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Commentary & Opinion

Happy New (School) Year

School bus
Pat Bradley/WAMC
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I don’t know whose idea it was to start the New Year on January 1st? Why would anyone want to start a new year in the dead of winter? The Jewish religion and school administrators far and wide got it right when they designated September as the month that we return to school and work in earnest.

I still run my life according to the school calendar even though it’s been years since I sat in a classroom or taken a math test. Or that I’ve dropped my kids off at school at the crack of dawn. That was a rather rude awakening. Once I graduated from high school I assumed that was it. No longer would I have to rise at an unnaturally early hour when my body was telling me, begging me in fact – and I believe in listening to one’s body – to go back to sleep.

My greatest achievement in an otherwise lackluster academic career after managing not to flunk out – and believe me I had ample opportunity starting on or about the first day of kindergarten – is that graduation meant I’d no longer have to rise before the sun did.

Nobody told me that once you have children you have to do it all over again. I frankly didn’t understand why. I’d completed my sentence. If they wanted to go to school so badly why couldn’t they get themselves up, make their own breakfast, and find their way to the bus?

I can already hear my wife saying, “You hypocrite! I’m the one that did all the heavy lifting.” That’s true. But I helped. I was responsible for ferrying them to school at least two out of every five days.

But whether you’re in school right now – you have my sympathies, by the way – have children who are, or your school years are a dim and distant memory I find it helps to organize your year and work around the school calendar. The problem is that when you’ve lost all your connections to organized education it’s hard to know when that is. It’s downright disorientating. Without the benefit of things like the first day of school, Thanksgiving and Christmas vacations, and spring break, it’s easy to feel lost in the world. You’re groping blindly for any semblance of structure.

One of the benefits of briefly returning to New York City this week was watching all the children and parents or baby sitters heading off to school in the morning and returning home in the afternoon. Don’t get me wrong. I didn’t feel the remotest urge to be back in school, being berated by my teachers for not doing my homework, my parents for my bad grades and disappointing work ethic, and bullied by my classmates because I was unpopular. Nothing would make me want to relive that painful and poignant period of my life.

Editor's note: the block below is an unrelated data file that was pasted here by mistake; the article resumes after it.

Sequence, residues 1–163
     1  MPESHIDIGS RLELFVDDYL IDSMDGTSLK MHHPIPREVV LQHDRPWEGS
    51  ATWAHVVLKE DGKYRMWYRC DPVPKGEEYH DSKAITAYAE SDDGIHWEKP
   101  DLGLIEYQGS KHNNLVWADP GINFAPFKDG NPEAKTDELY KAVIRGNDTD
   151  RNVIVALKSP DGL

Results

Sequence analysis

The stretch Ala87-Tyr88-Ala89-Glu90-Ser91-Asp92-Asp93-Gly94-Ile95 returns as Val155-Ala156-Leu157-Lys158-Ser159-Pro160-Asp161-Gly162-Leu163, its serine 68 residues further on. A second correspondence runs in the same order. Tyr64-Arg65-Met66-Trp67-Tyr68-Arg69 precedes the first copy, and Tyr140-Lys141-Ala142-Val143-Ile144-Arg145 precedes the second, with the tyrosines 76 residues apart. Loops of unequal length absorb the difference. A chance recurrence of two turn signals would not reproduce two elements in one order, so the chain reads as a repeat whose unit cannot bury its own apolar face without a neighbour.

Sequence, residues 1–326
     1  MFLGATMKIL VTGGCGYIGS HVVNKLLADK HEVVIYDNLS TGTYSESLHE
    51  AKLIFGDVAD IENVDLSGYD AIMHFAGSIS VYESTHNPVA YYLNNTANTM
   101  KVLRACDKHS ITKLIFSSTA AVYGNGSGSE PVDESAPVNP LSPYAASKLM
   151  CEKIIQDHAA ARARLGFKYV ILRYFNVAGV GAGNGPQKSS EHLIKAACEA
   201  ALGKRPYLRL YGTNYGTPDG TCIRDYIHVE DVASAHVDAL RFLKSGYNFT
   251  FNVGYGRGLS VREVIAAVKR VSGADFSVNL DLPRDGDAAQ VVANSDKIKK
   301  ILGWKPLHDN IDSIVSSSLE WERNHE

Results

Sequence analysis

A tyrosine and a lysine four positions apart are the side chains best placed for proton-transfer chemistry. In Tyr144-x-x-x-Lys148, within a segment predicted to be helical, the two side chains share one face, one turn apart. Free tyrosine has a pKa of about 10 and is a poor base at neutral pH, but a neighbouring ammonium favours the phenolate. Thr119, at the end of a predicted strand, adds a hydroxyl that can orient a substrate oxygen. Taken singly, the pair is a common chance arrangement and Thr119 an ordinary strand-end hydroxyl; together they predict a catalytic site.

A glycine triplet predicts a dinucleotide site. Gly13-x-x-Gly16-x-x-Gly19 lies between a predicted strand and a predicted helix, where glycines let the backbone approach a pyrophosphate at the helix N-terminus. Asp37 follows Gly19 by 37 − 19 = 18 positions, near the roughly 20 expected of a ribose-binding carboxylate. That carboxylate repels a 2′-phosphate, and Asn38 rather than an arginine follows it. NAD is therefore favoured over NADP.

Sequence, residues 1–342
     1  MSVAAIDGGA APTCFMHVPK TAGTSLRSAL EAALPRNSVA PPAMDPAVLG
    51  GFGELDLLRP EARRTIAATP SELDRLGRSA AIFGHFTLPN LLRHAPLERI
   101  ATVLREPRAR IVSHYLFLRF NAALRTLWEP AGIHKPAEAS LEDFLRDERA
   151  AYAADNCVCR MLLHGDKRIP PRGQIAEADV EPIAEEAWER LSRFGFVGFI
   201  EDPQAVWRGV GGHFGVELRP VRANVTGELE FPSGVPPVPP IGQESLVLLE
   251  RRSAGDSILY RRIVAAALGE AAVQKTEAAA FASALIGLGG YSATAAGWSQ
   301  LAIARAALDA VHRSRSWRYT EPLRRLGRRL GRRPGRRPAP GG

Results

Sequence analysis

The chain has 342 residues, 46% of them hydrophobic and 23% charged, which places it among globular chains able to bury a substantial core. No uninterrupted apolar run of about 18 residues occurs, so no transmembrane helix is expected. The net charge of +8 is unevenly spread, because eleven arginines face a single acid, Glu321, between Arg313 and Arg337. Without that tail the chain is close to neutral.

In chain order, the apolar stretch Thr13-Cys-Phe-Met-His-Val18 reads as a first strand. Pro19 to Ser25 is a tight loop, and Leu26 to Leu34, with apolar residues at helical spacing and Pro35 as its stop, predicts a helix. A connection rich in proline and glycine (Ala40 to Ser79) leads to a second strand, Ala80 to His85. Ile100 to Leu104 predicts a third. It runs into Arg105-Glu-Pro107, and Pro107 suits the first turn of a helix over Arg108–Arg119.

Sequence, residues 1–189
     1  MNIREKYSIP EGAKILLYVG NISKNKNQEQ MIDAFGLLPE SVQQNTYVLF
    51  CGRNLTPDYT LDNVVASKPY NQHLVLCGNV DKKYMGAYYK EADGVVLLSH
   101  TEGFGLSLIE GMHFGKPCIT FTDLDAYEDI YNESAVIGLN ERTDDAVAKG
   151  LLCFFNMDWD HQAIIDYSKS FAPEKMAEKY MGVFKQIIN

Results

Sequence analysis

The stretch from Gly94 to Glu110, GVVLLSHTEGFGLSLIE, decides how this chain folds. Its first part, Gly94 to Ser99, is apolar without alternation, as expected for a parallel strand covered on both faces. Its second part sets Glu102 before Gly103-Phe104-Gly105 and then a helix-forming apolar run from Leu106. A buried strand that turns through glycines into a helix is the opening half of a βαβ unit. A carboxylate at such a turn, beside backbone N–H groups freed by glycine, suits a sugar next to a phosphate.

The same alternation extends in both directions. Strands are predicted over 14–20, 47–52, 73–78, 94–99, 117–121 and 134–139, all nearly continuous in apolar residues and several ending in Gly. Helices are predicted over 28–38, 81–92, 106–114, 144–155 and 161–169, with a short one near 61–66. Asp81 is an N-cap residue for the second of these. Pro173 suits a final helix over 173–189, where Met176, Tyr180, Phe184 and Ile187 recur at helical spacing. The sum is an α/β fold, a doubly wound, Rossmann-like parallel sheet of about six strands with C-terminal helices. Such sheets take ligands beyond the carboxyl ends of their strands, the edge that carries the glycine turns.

I’ve rarely experienced the boundless sense of freedom I did when I went off to college and discovered that I could arrange my classes so that, even if I couldn’t sleep in most mornings and still graduate in four years, at least I no longer had to go through the torture of sitting around our kitchen table in the dark chewing on Corn Flakes or Cocoa Krispies or Raisin Bran while my three younger brothers did the same, just as miserable as me. By the way, did they really have to chew that loud?

If I don’t miss that dreary and sullen tableau, I do the sense of industry, the feeling that the world was awakening as one and getting on with the day’s business. Part of the challenge of living in the woods is there’s no one to take your cues from, no one hectoring you to get out of bed, put your clothes on, eat breakfast, brush your teeth and make the school bus. Chipmunks and squirrels are no help as far as role models go. While they’re awake industriously early they betray no panic over incomplete homework. I’ve never witnessed a squirrel cram for a math quiz or history test on a school bus.

Basically, I hated school. But I still find it beneficial, all these years later, to live my life according to the cadences of the school year. Life is no fun if it’s one long, undifferentiated slog. It needs to be broken down into component, bite-size parts. There should be moments of intense work and equally intense play. What’s recess but a mini vacation in the middle of the morning? If math and spelling class marked the depths of my despair, dodge ball, at least if you managed to avoid getting hit by the ball and expelled from the game prematurely, was a small taste of ecstasy.

Perhaps in the infrastructure package currently wending its way through Congress, a few billion could be set aside so that every American, no matter his or her or whatever pronoun applies, age could be afforded the opportunity and associated equipment to play at regular and frequent intervals. Fixing our roads and bridges is great. But let’s not forget the national importance of seesaws and jungle gyms or whatever sensory-stimulating chutes and slides and safety surfaces, and their adult recreational equivalents, have replaced them in our current litigious age. Character and values are forged as much, if not more, in playgrounds, gyms and on ball fields, as they are in any classroom.

Ralph Gardner, Jr. is a journalist who divides his time between New York City and Columbia County. More of his work can be found at ralphgardner.com

The views expressed by commentators are solely those of the authors. They do not necessarily reflect the views of this station or its management.

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